Last February the governor unveiled the statutory and constitutional language to implement the 12-point pension reform plan he presented last October.
Two critical pieces of that plan seem to be points of contention. One is raising the retirement age to 67 and the other is the creation of a 401(k)-style defined contribution plan that the governor’s office claims will reduce the risks on public agencies and place the entire risk of loss on investments on employees.
“The governor could not agree to some of the changes in the pension counterproposal,” Governor Brown’s spokesman Gil Duran said in a statement. “These complex issues cannot be resolved in two days and he has asked the Legislature to continue to work with him over the recess to resolve the substantial differences.”
In a statement from Assembly Speaker John Perez, “The Assembly has been working diligently to finalize a pension proposal that not only satisfies the 12 points of the Governor’s plan, but also goes further in finding needed reforms that will create real savings, help ensure financially strong and fiscally responsible pension systems in California, and prove fair to taxpayers and retirees.”
“This is a complex issue that requires a thoughtful approach, and we will continue to work with the Governor and our colleagues in the Senate to put forward and pass a proposal by the end of the legislative session,” the Speaker added.
“I believe that all public employees should have a pension plan that strikes a fair balance between a guaranteed benefit and a benefit subject to investment risk. The ‘hybrid’ plan I am proposing will include a reduced defined benefit component and a defined contribution component that will be managed professionally to reduce the risk of employee investment loss,” said the governor last winter.
It would also increase the retirement age to 67, the same age as social security, and it would require three-year final compensation to be the guide in order to stop spiking.
“Raising the retirement age will reduce the amount of time retirement benefits must be paid and will significantly reduce retiree health care premium costs. Employees will have fewer, if any, years between retirement and reaching the age of Medicare eligibility, when a substantial portion of retiree health care costs shift to the federal government under Medicare,” the governor said.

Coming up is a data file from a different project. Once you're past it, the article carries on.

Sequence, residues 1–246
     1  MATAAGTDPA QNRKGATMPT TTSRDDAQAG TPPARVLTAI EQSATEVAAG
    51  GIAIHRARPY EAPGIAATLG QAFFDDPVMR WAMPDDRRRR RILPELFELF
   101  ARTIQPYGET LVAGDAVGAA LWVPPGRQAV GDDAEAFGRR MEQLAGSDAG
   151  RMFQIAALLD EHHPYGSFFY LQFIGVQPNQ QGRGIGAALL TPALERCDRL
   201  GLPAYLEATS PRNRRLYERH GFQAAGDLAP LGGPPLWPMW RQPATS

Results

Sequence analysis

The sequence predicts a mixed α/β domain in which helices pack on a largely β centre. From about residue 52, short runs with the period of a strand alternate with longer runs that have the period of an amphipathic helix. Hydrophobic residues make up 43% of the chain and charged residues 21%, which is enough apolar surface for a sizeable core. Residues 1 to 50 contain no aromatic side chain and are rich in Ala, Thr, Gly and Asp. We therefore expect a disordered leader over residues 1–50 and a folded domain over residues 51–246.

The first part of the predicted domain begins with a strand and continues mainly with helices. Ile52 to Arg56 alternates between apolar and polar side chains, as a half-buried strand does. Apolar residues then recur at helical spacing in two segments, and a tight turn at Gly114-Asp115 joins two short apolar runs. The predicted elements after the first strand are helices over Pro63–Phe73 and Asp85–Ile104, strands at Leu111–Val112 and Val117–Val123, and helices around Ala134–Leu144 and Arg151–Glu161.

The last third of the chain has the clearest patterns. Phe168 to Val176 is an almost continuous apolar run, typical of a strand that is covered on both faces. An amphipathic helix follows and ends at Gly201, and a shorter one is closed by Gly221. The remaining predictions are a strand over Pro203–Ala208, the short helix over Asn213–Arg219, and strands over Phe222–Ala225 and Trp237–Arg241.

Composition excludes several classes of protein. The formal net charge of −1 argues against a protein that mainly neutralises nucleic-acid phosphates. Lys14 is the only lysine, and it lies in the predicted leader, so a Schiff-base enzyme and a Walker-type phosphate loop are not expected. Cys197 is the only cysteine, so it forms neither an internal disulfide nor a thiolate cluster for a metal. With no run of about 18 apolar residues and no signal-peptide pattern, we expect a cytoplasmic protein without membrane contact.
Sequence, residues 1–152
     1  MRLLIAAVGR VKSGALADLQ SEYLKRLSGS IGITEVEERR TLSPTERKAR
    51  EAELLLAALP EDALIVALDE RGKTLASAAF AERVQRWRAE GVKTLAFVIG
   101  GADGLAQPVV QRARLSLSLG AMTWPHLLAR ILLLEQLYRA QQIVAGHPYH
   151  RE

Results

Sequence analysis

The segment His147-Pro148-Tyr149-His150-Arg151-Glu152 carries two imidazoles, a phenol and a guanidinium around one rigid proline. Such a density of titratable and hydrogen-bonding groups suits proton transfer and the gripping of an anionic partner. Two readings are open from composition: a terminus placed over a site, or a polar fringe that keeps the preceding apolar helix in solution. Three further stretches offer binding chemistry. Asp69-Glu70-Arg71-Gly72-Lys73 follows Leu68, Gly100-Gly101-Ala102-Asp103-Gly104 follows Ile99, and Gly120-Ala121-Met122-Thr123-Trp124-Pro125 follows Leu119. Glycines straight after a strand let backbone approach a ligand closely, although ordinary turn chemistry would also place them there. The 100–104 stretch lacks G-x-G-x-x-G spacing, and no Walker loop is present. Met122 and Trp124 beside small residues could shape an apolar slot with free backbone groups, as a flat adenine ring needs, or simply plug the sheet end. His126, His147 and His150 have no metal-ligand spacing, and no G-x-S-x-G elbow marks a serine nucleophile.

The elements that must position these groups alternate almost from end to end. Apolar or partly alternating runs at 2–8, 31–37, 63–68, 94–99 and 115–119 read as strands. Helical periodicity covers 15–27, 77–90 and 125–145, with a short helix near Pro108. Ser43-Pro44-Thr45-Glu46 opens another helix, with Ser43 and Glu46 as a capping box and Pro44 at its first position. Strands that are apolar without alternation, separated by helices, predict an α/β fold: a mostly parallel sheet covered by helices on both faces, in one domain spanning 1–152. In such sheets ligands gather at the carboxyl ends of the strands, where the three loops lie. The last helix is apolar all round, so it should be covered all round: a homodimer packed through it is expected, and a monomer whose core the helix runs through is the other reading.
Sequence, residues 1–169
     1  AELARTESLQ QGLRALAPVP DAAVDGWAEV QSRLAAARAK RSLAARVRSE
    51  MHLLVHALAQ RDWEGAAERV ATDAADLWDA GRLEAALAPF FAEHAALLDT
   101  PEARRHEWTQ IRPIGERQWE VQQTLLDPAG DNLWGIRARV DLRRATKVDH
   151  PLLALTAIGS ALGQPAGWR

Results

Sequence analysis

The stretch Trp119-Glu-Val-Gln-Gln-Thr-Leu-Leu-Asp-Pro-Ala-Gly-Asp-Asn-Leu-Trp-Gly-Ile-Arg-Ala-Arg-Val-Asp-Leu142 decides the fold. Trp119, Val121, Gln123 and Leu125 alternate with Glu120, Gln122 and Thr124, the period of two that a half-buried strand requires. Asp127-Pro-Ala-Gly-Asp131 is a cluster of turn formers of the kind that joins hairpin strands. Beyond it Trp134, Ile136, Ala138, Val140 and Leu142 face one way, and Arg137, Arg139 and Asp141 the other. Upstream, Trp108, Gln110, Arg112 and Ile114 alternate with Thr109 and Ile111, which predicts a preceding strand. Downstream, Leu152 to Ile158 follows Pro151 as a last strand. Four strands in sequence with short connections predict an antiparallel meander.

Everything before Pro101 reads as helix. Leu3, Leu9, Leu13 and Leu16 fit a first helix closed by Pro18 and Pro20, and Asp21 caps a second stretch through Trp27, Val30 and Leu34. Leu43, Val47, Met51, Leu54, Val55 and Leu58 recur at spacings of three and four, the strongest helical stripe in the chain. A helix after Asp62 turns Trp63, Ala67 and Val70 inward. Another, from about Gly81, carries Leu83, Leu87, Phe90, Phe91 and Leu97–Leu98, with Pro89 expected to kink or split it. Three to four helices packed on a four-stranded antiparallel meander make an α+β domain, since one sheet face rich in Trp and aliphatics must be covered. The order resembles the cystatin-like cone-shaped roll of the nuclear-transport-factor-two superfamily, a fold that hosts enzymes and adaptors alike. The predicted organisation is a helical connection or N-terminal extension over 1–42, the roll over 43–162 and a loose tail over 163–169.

Assemblymember Warran Furutani, who chairs the Legislature’s pension committee, indicated that while the Democrats can support most of the governor’s proposals, they disagree on how to raise the retirement age and also want changes to the hybrid pension system.
The Democrats said they are willing to cap pensions but support a defined benefit program called the “cash balance plan,” which would be tied to a lower guaranteed interest rate to supplement pensions.
Democrats also oppose a hard raise of the retirement age, but are willing to have reduced benefits for early retirees.
“It’s going to be a sliding scale with a minimum of hurt for the people that retire early,” Assemblymember Furutani said. “If you stayed until 67, you’ll be able to get a sweetened amount that’s extra.”
That means that the Democrats are agreeable to some of the other key provisions of the bill, including a shift away from pension formulas being based on the final year’s pay. The governor’s proposal moves it to a three-year average.
As the governor argued, “That one-year rule encourages games and gimmicks in the last year of employment that artificially increase the compensation used to determine pension benefits.”
It would also calculate benefits based on regular and recurring pay as another way to stop spiking, by manipulating benefits through the supplementing of salaries with special bonuses, unused vacation time, excessive overtime and other pay perks.
His plan would limit post-retirement employment.
“Retired employees often have experience that can deliver real value to public employers, though, so striking a reasonable balance in limiting post-retirement employment is appropriate,” the governor said. “My plan will limit all employees who retire from public service to working 960 hours or 120 days per year for a public employer. It also will prohibit all retired employees who serve on public boards and commissions from earning any retirement benefits for that service.”
From our standpoint, the Democrats’ compromise on the retirement age may work. We would have to calculate the numbers. By encouraging later retirement, it would also ease the burden for extra coverage of medical benefits.
Assembly Speaker John Perez said Democrats would keep working on passing a proposal before the legislative session wraps up at the end of August. Although Republicans support Brown’s plan, the Democratic governor needs support from members of his own party to pass legislation.
Democrats need to act fast if they want to avoid more draconian measures to be put on a ballot before the voters.
The Legislative Analyst’s Office calculates pension contributions accounted for 2.4 percent of state spending in 2006. It’s expected to reach 3.9 percent of this year’s $91.3 billion budget.
The California Public Employees’ Retirement System, the nation’s largest public pension fund, has an unfunded liability of around $85 billion. The California State Teachers’ Retirement System has about $64.5 billion in unfunded liabilities.
—David M. Greenwald reporting